Breaking the bank on cocktails lately? Here’s why going Dry this July is a godsend

Aussies are known for loving a drink. Whether it's a cheeky wine while watching a rom-com with your BFF, or a beer with your Dad at the footy, our drinking culture is a huge part of our social fabric. But what if you gave up drinking for a month? Shantelle O’Riordan tells why you should go Dry this July. 

With the uni sem coming to a close, your first thought may turn to a celebratory drink with your buds. Whether you’ve got an exciting holiday on the horizon or just want to take it easy, giving up alcohol for a month, especially in support of a good cause such as Dry July, can have an unexpected positive impact on your life. Need some convincing? Here are the health and emotional benefits of dodging the drink for a month. 

Improve your mental health 

Our lives are non-stop and balancing the pressures of work, university, family and friends, keeping fit, and then taking time out to do things you love can seem like an impossible juggling act. Personally, I have found myself desperately plotting an escape overseas on multiple occasions, only to check my bank account and be sorely disappointed. So instead I’ve found some fun coping mechanisms to help me pull through - my go-to escapes are regular Harry Potter marathons, walking my dog with my bestie, brunching or a good cry (just kidding). But the best choice, I’ve made recently is cutting out the booze. Alcohol may seem like a mood booster when you’re out partying with your friends, but it is actually a depressant that can have serious negative effects on your overall mental health. Low mood and low energy levels can be aggravated and nobody likes a hangover when they are pressed for time or want to make the most of their day. I’m not suggesting you go teetotal, but taking a break from alcohol allows your brain to level out, gives you much needed clarity and increases concentration. The importance of prioritising your mental health in comparison to giving up alcohol is a small sacrifice. It’s all about moderation.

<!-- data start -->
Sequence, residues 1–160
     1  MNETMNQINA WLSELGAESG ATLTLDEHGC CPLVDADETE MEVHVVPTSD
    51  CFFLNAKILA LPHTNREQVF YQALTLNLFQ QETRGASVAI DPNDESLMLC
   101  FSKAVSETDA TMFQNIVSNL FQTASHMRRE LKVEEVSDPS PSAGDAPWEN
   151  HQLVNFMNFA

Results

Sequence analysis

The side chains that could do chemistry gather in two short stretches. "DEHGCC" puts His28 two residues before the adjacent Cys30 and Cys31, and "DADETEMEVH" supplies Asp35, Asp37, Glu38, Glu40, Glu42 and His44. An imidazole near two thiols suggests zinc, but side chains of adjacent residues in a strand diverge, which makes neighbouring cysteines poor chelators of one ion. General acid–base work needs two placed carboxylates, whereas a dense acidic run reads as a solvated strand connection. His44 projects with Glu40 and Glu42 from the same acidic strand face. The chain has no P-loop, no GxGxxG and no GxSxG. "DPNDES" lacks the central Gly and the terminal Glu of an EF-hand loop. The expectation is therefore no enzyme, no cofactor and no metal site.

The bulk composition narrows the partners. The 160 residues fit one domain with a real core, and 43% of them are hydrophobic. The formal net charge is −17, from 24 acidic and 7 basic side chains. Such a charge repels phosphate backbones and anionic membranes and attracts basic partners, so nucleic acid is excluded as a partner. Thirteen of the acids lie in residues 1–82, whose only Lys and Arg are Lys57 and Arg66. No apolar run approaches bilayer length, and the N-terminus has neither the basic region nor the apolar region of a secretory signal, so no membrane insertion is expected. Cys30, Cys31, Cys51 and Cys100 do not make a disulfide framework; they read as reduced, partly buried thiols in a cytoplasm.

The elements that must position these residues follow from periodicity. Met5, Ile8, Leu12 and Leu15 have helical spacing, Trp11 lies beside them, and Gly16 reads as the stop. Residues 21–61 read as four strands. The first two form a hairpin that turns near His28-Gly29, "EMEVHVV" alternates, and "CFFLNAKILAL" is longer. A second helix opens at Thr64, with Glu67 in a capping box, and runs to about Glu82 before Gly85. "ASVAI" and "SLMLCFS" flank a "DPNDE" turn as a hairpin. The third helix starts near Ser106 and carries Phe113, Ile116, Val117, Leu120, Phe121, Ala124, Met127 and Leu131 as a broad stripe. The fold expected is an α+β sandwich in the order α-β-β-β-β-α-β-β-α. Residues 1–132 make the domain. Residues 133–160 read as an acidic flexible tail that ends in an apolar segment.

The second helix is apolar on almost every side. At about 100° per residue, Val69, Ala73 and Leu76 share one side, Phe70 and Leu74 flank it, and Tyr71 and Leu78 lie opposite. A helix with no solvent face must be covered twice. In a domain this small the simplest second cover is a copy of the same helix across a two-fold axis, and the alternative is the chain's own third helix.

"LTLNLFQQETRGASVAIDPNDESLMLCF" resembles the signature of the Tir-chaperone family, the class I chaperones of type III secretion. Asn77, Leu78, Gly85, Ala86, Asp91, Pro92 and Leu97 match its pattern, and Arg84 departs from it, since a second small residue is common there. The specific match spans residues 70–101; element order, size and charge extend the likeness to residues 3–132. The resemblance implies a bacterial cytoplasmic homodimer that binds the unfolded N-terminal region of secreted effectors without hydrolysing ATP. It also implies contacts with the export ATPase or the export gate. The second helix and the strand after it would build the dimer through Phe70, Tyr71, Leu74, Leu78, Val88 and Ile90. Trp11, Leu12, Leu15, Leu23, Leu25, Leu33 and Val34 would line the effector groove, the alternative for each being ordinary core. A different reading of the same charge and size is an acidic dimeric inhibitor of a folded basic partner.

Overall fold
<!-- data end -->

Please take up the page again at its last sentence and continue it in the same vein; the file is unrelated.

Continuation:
Increase your hydration and improve your liver health 

Most of us, myself included, find it tricky to reach the recommended 2-3L of water each day. When you drink alcohol, which is a diuretic, your body tends to dismiss fluids more frequently. It’s a no-brainer that a common symptom of a hangover is dehydration. Low hydration levels can also affect your concentration and energy, which impacts your efficiency at work, uni and when you hit the gym. Doesn’t sound great right? Especially during winter when our skin is dry, we don’t want to do anything to accelerate cracked lips and dry skin. 

Now you’ve probably heard from your parents and teachers that alcohol is bad for your liver. Unfortunately it isn’t an old wives tale, our body is not built to process alcohol. Consuming a large amount of booze, even just a few times, means our liver has to work extra hard to process it. While my friend Mat, who thinks himself to be a doctor, tells me our liver regenerates - the liver is one of the human body’s most important organs and it’s important to keep it in good shape. So here’s to better hydration and liver health!

Extra money in the bank 

Music to any uni student’s ears! The benefits of alcohol detoxing aren’t just physical, it can have major financial benefits as well. As everyone knows when you’re constantly grabbing drinks with friends or work colleagues, the cost can quickly add up. The average uni student spends around $50-60 per month on alcohol! When you stop drinking you will have some extra cash in your bank account that could be instead be spent on your next holiday.

You’ll make better food choices 

Science has confirmed what we’ve long suspected -  we don’t make the best food choices after we’ve been drinking. Laying off the booze could mean you are less tempted by a late night kebab or Maccas run, making it easier to stick to your healthy eating goals and save money. 

I encourage everyone to give Dry July a shot - it’s only 31 days and an awesome way to start making positive health changes to your life, and there will always be another weekend at the pub or night out. If you’re signing up to raise money, you’ll also be helping people with cancer, providing them with better support programs and facilities during their cancer journey. Dry July aims to help make the lives of cancer patients, their families and carers more comfortable - you can sign up at 

Shantelle O’Riordan is a second year Communications (Public Relations) student who’s a little bit of a perfectionist, heavily reliant upon caffeine and fashionably late to almost everything.